The word pilau is of Persian origin. However, in modern Persian, it is pronounced polo (پلو), with the first syllabe short, and the second long. Note also the relationship to Spanish 'paella', so it covers the whole extent of the Arab empire in its prime. The pilaf was probably a standard Moorish method for cooking rice - with no wasted water, important in desert regions like North Africa. It was likely introduced to the Balkans during the Ottoman period.

Yet the page for Paella says:

The name paella is the word for "frying pan" in Valencian/Catalan (from Latin patella). However, the dish has become so popular in Spanish that the word paellera is now usually used for the pan and paella almost exclusively for the dish. Paella is pronounced IPA: /pa'eʎa/, approximately "pah-EH-yah".

What's more, I distinctly remember reading in a tour book to a Central Asian country (Uzbekistan, I believe), that the word originates from greek Poluv, meaning "mixed" and was spread during Macedonian conquests. Is there any confirmation on the pilau origins? User:Bobby Isosceles

[http://www.etymonline.com/index.php?search=pilaf&searchmode=none doesn't trace pilaw to a PIE root, so it may be a loan into Persian from a non-IE language. Citing references for a definite Persian origin is the policy. I do not think it derives from a Greek word however. Alexander 007 13:44, 28 July 2005 (UTC)

Page seems misdirected[edit]

The page only gives a short discription of what pilaf is and to me seems like it is pretty much just about Persian rice dishes, not really very informative if you want to learn what rice pilaf is.

Merge it with the Plov article?[edit]

Plov is not used in English, but pilaf is a common food item in stores. -Iopq 06:42, 22 July 2006 (UTC)

  • support merge, the topic is the same. Chris 02:32, 26 August 2007 (UTC)

Pilaf vursus Biryani[edit]

What's the difference between Pilaf and Biryani, since they both seem to involve the same methods of preparation/ingredients, as well as originating in the Iran-Central Asia- northern India region? Le Anh-Huy 08:39, 25 February 2007 (UTC)


Biryani is par-cooked in water, then cooked in a mixture of yogurt, spices, and oil. Pilaf isn't cooked in yogurt. Biryani is much harder to make. Themissinglint (talk) 00:33, 8 July 2008 (UTC)

In Biryani, both the curry sauce (with meat) and the rice are cooked separately. Then layers of rice and sauce are laid in one big pot and steamed. After that it is mixed. Some rice are then white and some are colored. In Pulao, a much lighter sauce is cooked first and then rice is cooked in this sauce. yasirniazkhan (talk) 13:30, 8 August 2012 (UTC)

Pilau[edit]

Pilau is also a very popular dish in East Africa, though it has not been mentioned in the text. The dish has been brought there by indian settlers and arabic merchants, today it is a dish prepared and served on celebrations and other festivities by africans and Indians alike.--80.78.216.88 (talk) 21:44, 7 March 2009 (UTC)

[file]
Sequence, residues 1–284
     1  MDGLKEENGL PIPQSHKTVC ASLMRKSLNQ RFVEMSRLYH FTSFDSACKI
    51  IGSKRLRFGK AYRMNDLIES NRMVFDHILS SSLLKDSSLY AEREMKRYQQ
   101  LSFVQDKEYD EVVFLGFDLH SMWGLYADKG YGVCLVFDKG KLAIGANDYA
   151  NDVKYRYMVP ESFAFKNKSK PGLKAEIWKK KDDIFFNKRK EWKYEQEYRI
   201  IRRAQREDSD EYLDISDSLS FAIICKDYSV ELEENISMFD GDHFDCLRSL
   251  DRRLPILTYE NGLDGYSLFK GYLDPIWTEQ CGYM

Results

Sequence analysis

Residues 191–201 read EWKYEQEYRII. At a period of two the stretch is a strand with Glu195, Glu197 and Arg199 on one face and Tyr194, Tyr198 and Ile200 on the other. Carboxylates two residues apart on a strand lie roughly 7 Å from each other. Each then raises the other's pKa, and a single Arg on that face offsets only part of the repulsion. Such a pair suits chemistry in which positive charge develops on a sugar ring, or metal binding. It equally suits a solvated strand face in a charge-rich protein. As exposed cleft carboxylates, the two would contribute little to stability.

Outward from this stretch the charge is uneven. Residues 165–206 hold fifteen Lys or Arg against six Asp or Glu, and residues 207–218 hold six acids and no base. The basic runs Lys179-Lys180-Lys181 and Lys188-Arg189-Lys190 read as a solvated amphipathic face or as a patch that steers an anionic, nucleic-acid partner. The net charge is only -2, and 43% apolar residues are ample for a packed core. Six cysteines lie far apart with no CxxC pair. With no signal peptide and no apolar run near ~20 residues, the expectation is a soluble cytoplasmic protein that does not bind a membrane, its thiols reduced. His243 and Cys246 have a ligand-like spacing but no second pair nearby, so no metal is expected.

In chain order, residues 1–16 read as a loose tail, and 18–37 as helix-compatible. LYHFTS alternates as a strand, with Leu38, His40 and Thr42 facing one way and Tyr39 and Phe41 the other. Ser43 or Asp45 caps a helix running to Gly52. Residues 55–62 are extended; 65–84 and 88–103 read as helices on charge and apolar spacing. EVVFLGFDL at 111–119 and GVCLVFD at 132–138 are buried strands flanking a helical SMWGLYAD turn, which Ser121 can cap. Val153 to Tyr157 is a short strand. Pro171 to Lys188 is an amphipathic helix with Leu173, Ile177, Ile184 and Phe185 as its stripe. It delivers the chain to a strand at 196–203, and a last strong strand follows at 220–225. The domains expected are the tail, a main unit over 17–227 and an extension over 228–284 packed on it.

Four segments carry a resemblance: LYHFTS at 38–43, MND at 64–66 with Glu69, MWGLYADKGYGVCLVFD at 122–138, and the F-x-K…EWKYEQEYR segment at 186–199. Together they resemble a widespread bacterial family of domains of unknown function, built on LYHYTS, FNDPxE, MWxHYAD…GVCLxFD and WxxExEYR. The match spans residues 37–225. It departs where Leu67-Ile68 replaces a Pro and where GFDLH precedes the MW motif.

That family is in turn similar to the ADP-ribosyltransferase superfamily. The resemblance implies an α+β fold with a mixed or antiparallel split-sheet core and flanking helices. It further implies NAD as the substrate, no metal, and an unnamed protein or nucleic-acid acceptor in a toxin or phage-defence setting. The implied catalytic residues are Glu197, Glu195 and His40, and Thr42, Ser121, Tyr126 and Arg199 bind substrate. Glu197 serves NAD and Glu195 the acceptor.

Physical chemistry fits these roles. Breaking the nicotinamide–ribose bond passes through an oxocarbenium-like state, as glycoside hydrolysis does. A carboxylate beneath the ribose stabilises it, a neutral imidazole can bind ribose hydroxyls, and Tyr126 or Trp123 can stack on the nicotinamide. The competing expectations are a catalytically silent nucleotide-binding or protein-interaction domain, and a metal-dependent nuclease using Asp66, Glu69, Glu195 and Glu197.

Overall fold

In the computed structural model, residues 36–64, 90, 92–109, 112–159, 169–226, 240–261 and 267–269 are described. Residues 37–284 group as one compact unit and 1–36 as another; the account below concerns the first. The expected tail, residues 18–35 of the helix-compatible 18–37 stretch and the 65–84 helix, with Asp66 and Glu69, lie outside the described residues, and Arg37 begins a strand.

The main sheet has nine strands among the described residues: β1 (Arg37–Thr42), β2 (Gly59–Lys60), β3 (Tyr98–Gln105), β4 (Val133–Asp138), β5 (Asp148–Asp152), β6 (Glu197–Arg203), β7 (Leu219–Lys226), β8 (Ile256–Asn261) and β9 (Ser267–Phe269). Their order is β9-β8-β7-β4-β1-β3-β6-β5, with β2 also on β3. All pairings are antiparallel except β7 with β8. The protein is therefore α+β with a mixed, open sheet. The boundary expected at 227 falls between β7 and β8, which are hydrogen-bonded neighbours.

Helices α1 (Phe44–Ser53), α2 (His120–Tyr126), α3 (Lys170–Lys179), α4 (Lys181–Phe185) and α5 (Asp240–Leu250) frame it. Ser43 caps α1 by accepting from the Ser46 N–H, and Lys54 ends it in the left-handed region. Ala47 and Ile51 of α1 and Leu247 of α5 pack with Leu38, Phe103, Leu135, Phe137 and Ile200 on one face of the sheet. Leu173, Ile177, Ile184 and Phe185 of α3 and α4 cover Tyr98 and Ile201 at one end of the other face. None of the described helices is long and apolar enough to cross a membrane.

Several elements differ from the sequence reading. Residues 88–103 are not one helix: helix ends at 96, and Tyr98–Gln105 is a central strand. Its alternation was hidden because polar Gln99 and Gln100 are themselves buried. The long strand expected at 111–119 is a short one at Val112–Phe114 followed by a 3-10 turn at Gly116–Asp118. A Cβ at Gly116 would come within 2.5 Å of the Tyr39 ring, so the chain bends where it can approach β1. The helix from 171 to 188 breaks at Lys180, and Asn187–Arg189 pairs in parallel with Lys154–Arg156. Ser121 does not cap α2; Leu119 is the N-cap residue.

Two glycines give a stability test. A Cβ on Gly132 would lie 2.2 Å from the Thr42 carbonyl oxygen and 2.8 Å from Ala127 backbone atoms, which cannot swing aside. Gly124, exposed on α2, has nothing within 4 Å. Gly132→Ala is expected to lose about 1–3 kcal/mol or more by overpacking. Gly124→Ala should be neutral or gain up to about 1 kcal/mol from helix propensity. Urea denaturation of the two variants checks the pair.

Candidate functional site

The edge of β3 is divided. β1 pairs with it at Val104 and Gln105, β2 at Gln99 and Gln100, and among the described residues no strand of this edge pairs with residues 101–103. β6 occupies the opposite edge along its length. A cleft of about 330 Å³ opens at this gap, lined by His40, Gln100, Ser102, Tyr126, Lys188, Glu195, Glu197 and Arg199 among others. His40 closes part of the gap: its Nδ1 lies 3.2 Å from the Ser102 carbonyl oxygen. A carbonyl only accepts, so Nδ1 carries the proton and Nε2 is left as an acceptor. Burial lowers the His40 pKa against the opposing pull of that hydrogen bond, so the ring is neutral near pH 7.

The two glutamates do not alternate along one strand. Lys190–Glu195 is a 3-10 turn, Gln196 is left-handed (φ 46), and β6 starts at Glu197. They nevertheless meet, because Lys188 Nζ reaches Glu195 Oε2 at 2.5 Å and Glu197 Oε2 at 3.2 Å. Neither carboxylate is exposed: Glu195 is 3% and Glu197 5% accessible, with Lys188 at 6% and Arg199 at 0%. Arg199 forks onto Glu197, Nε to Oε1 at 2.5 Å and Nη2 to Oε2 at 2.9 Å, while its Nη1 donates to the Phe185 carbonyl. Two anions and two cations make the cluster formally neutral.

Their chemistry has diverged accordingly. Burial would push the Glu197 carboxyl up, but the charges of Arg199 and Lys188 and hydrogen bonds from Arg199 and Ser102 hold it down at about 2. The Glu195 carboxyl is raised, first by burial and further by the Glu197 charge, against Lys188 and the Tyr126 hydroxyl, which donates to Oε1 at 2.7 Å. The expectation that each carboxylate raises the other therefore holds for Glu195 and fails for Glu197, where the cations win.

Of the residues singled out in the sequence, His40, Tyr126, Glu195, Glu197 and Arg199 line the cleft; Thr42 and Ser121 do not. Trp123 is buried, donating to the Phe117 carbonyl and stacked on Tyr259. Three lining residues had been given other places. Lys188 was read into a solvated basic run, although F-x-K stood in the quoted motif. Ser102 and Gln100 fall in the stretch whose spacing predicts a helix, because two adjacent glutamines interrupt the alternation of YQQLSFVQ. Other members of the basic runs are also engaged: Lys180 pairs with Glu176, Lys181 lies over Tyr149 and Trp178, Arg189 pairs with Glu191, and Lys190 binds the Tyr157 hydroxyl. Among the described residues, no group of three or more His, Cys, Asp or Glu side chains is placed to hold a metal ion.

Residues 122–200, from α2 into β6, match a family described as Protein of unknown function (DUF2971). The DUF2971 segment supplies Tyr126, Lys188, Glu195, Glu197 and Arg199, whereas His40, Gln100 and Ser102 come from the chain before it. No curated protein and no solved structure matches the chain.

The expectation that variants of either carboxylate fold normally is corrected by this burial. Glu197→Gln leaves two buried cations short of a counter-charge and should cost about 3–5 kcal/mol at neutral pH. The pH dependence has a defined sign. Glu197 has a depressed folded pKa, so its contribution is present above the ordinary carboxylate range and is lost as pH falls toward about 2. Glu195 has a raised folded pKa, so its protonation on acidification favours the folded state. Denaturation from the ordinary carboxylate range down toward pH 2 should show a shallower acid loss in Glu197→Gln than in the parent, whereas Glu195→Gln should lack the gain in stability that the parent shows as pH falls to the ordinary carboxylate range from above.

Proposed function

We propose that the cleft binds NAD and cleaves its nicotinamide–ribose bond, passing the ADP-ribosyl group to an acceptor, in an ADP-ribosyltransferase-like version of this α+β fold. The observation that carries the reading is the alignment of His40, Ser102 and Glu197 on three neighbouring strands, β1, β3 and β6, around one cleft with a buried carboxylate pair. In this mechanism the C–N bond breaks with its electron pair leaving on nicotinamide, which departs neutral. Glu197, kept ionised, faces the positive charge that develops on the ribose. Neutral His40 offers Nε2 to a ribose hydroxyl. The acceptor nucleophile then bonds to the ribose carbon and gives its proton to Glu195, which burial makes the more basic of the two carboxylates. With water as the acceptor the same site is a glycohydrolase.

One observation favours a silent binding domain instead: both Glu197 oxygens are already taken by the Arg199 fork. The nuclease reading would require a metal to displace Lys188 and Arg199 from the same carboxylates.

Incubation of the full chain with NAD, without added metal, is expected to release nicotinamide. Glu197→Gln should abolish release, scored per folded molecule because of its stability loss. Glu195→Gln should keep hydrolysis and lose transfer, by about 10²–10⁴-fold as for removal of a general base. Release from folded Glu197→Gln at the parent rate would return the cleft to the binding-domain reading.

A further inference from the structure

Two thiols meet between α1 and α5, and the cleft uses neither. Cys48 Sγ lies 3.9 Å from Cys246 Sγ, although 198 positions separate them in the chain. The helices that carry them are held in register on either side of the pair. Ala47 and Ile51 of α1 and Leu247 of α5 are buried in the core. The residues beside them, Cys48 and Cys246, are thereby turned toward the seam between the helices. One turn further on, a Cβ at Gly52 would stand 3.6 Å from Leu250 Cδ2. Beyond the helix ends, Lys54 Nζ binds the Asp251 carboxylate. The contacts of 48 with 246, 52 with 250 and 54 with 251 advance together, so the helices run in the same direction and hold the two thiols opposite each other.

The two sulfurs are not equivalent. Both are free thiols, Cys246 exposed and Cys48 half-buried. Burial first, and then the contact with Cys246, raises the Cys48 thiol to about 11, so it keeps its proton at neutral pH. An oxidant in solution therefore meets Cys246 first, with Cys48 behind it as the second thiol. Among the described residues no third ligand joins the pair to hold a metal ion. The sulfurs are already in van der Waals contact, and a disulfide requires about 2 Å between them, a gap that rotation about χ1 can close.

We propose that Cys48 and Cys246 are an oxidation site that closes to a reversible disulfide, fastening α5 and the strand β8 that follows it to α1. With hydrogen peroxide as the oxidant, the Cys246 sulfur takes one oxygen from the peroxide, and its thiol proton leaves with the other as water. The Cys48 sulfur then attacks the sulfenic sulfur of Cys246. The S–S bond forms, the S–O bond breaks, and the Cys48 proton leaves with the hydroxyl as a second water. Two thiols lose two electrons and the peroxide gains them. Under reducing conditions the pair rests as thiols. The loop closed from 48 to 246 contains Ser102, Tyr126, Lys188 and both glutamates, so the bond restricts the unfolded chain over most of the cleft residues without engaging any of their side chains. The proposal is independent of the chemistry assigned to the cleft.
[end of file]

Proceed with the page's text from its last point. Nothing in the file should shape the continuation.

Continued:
Need a reference for this, can you find one? Kat (talk) 16:35, 5 June 2012 (UTC)

What is Pnigouri (ground wheat)?[edit]

We have cooked from this Cypriat cook book for many years. I am now intetrested in buckwheat as an ingredient but it is not wheat at all. But pnigouri is a wheat, or is it? So could I use buckwheat in place of pnigouri is my question. 78.146.141.145 (talk) 11:12, 25 July 2009 (UTC)


Pilau = Paella?[edit]

Maybe we could note the spanish paella here? The same idea, close technologies - and almost the same names. —Preceding unsigned comment added by 87.224.214.145 (talk) 19:08, 17 March 2010 (UTC)

Polau ≠ paella, although the two dishes are very similar in cooking style and spice ingredients. Added link to "see also". Kat (talk) 16:36, 5 June 2012 (UTC)
Pilau = Paella. it traveled to Spain through the arab/ north African berber control of the area starting in the 7th century. Its the same thing....rice with meat (seafood). and vegetable the same dish. Jambalaya the Louisiana dish in the U.S is derived from paella. — Preceding unsigned comment added by Starbwoy (talkcontribs) 01:21, 21 March 2015 (UTC)

Tahdigh Deserves its own page.[edit]

Tahdigh should have a Wikipedia page. It is one of the most important pieces of Persian culture. I'm not saying I want to make the page, but, you know, make it a red link or whatnot.

origin of word pulao[edit]

the word pulao is derived from sanskrit palanna;pal(meat)+anna(rice),not your pulaka. —Preceding unsigned comment added by 14.99.5.66 (talk) 10:20, 31 December 2010 (UTC)

Can you provide a reference for this? For example, a link to the etymology of the words polow, pilaf, pilau or plov? Kat (talk) 16:50, 5 June 2012 (UTC)